“The whole of education should be oriented to giving individuals the capacity to examine life,” said Dr Longstaff, who presented The Tiger in the Room.
The purpose of the workshop was to explore different perspectives, possibilities and ethical reasoning styles, encourage a shared ethical framework to allow productive and effective dialogue, and explore case studies to further our understanding of ethical behaviour and leadership.
“The burden of choice means some people want others to take responsibility for their actions,” Dr Longstaff said.
“But better a world in which people think and take responsibility for their choices.”
Drawing from his experiences working with the Australian Defence Force, Simon encouraged the team to consider moral authority, and how humans commit acts of folly.
“For leaders, the projection of the moral authority of an institution becomes a key element,” Simon said.
Simon explored the views of Barbara Tuchman’s text, The March of Folly, which details four major instances of government folly in human history.
“Did they recognise the seriousness of their actions? Did they have viable alternatives? Did they at the time have people who were actively urging them to realise the nature of the risk?” Simon asked. “In each case, they did.”
Simon explored the notion of perspective, and how this can lead to “conditioned blindness”.
“This explains why good people can do bad things, because they were conditioned to be blind to the reality that was before them,” he said.
Four categories of self-deception were presented:
- Legalism (inability to imagine moral obligations beyond the law, i.e. they don’t ask any questions)
- Tribalism (a sense that the community you are part of is the only thing that matters. They will defer to the judgement of the group, and they will not have an individual perspective of the world)
- Moral relativism (the excusing of unethical practices by viewing businesses as “a game” and oneself as “a role”)
- Scientism (the role that authority plays in making people blind).
“Each of these four areas have something in common; they condition you not to see,” Simon said.
The team then considered the workshop title, The Tiger in the Room.
“You have all heard of the elephant in the room, something we can all see, but have you thought of the tiger in the room?” he asked.
“The tiger is hidden, the tiger is the threat that is not always seen, but we must widen our perspective to see it.”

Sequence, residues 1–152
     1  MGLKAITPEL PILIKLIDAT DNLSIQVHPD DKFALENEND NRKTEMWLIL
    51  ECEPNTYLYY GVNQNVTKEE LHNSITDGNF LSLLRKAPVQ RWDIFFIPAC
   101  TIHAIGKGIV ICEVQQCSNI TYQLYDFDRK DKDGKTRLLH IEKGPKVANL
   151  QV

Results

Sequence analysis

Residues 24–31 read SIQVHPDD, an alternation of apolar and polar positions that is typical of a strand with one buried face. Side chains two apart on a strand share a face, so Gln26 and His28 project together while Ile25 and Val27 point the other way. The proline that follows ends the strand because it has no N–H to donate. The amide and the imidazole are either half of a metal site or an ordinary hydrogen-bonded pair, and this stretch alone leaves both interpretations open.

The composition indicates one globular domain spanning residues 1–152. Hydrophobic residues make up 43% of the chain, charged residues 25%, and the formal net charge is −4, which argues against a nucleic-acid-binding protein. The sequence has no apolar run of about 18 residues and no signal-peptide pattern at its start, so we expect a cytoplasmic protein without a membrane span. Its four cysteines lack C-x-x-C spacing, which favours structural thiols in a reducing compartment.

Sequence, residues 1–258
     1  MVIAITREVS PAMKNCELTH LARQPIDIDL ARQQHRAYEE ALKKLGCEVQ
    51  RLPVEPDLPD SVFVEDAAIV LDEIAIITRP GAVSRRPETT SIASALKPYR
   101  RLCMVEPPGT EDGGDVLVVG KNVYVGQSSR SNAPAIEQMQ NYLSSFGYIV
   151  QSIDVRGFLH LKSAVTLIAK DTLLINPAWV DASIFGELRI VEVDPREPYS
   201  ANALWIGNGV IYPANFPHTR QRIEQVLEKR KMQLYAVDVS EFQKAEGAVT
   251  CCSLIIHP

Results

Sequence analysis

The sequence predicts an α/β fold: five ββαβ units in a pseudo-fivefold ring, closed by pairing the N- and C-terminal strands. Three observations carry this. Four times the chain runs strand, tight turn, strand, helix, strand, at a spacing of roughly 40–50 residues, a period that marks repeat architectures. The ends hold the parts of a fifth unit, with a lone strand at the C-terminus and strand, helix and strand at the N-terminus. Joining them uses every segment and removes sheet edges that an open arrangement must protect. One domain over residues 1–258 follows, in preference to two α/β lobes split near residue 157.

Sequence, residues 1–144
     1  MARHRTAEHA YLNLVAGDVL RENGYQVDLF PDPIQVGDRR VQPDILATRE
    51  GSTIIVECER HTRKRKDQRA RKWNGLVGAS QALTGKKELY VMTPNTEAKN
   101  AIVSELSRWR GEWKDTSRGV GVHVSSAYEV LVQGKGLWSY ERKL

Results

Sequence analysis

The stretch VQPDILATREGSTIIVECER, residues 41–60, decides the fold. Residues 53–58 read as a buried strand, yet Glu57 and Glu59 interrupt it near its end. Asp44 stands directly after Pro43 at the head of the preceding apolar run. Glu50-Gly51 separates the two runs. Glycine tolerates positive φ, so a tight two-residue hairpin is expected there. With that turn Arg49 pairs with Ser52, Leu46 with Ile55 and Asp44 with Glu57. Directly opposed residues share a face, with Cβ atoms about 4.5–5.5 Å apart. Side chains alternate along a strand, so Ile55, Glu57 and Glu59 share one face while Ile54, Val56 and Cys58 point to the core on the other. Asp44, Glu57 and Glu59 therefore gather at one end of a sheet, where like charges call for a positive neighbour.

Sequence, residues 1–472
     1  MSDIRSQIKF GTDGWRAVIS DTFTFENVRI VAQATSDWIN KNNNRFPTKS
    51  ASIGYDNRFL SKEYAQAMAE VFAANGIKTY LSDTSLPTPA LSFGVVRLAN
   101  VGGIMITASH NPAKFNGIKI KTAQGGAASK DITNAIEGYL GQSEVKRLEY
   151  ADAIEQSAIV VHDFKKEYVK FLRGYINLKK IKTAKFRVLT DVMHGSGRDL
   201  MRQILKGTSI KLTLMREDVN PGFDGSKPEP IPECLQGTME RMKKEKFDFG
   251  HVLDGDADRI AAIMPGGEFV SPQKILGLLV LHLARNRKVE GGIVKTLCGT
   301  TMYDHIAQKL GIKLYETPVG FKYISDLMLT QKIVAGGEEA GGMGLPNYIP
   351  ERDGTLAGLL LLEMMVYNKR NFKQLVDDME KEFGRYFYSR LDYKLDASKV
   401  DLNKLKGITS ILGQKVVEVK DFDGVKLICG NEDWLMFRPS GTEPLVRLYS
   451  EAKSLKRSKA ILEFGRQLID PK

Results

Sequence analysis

He gave a hypothetical example of a leader of a company who could only see green, yet all of the leader’s employees could see many colours. This perspective inhibits the leader, because their views are constrained.
He explained that today’s employers are “starting to recognise that purpose is important in business”.
“Organisations are now looking for people who are not clones, but truly have some kind of alignment with the company values, so they can be their true self and make a valid contribution,” Simon said.
The team then considered the concept of an ethical framework, which is formed by sustaining principles and values, to guide conduct.
“As a leadership team, think to yourselves, do we first and foremost have a good grasp about our own ethical framework?” Simon questioned.
“Do our values reflect our purpose? Have we considered our principles, which shed light on what is right?”
He portrayed leadership itself as an ethical practice, saying ethics could be considered as “organisational DNA”, which must be actively and consciously expressed.
Simon sees the two great enemies of ethics as:
- Hypocrisy (inability to see oneself as hypocritical)
- Unthinking custom and practice (inability to look beyond).
“The antidote is a particular type of leadership, which we call constructive subversion,” he said. “It’s about helping an organisation become true to what it declares.”
His key six ingredients to ethical leadership are:
- Commitment from the top
- Being prepared to use the language of the values and principles
- System and policy alignment
- Delegated authority
- Open communication
- Taking a longer term view.
Simon used the analogy of putting a person into a full-body plaster cast.
“They will have fantastic posture, but if you remove the cast they will collapse because that was all that was holding them together,” he said.
“Systems of control and governance should be more like little frames, rather than casts, so it allows people to support themselves with the guidance of the frame, standing for themselves within the organisation’s values.”
Simon concluded the workshop by commenting that we can never expect ethical perfection.
“Yet we can expect sincerity and a level of skill around our ethical decision making.”
IGS Principal Shauna Colnan thanked Dr Longstaff for his important, informative and inspirational workshop.